Why Would You Do That to A Healthy Body?
This is a little follow-up to yesterday's post. I left something out that I meant to include. I want to comment on something that is common both as an insult (whether intended or not — although it's usually intended) in radfem communities, but also amongst well meaning friends and family. It's the tendency to think of genital surgery as "mutilation." I certainly know more than one person raised this question when they heard about my decision to go for surgery (though they never asked it to me directly — maybe they know better).
For trans* women, it's a little inaccurate to call it a single surgery, since it's really many procedures all at once. And it's anything but minor: it can last anywhere from 5 to 10 hours, under general anaesthesia. If all goes well, it's done in one go; if it doesn't go well (such as in my case), it can take a second 1-2hr procedure under local anaesthetic a few weeks later. There's also a long, involved, painful recovery.
A particularly horrible transmisogynistic radfem, Cathy Brennan, took her shenanigans to another level when she posted a picture to the feed of TransAdvocates with a doll and "Sorry about your dick" written on it. And that's how it is: trans women's genital surgery is often referred to as "cutting your dick off." She and her followers regularly, actively attack trans women — I've had my own dust-up with her on Twitter in the past.
So it's easy to see why people might construe the surgery as mutilation: it arises both from a misunderstanding of the procedures involved (very little is "cut off" and discarded), and viewing it as taking a "healthy" organ and messing it up. Often implicit in this later conception is that taking a (probably) reproductively viable body part and rendering it infertile is "unnatural" and unhealthy. But this begs the question, of course. For nearly every trans woman who undergoes genital surgery, they don't consider a penis to be a properly functioning part of their body. Instead, they consider their vagina to be the proper genital configuration. I hope I went some distance in the previous post to show this.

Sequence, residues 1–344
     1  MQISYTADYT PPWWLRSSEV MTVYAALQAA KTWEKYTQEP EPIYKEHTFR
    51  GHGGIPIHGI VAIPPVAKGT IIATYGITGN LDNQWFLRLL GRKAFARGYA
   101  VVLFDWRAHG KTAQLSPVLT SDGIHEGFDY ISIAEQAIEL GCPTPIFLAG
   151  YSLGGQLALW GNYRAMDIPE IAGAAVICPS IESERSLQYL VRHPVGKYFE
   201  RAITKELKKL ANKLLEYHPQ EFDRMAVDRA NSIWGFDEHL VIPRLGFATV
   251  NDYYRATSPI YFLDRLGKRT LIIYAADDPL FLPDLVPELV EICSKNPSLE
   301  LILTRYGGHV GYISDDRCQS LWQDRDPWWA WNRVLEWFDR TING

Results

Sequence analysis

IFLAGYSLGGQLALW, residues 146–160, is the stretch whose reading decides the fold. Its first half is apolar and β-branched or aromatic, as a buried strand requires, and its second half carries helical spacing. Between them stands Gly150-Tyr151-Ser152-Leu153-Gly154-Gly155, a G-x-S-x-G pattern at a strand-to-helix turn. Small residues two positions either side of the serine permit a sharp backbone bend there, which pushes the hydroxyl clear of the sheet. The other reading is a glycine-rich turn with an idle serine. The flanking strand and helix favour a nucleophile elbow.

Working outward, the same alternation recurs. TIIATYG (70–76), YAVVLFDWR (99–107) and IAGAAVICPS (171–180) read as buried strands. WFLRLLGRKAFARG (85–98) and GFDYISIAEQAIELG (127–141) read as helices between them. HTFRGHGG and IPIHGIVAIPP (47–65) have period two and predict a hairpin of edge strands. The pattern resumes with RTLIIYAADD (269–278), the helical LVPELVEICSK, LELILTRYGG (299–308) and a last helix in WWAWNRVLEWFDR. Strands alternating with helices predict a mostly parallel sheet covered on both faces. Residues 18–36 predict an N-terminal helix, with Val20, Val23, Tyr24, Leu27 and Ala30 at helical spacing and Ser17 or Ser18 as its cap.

I never viewed going through surgery as taking healthy tissue and risking complications or "mutilating" it. Quite the opposite. Surgery made things right. Simple as that. For those who undergo it (and those who want to but may face barriers), it's a form of treatment, and a highly effective one at that. (There's data, if you want to go look.)
Of course, neither I nor anyone else is under any illusion that the end product is the same as a biotypical cis woman's genitals. I can't have children, for example, and I don't get periods. But — and this is important — not all cis women can or do either. Let's not forget the very wide variety of ways that women's bodies work. Of course, I'm fortunate that I never wanted kids in the first place, so I don't consider this a problem, although I do know people for whom this is a source of pain. But, again, that's true for some cis people too.
Finally, related to the "mutilation" point, others conceive of the surgery as merely "cosmetic." It's easy to think that way if one's never had to struggle with body dysphoria. But there's nothing "merely cosmetic" about it. It's about seeking bodily integrity. This isn't about "I don't like x about my body, so I'm going to change it." There's a deeper connection than that. (Now, this isn't to say that others can't have a deep connection to some things that *I* might consider cosmetic *for myself.* I would never get botox, for example, but I don't begrudge those for whom it's deeply important.) The important point is that we shouldn't judge what's "merely cosmetic" for other people.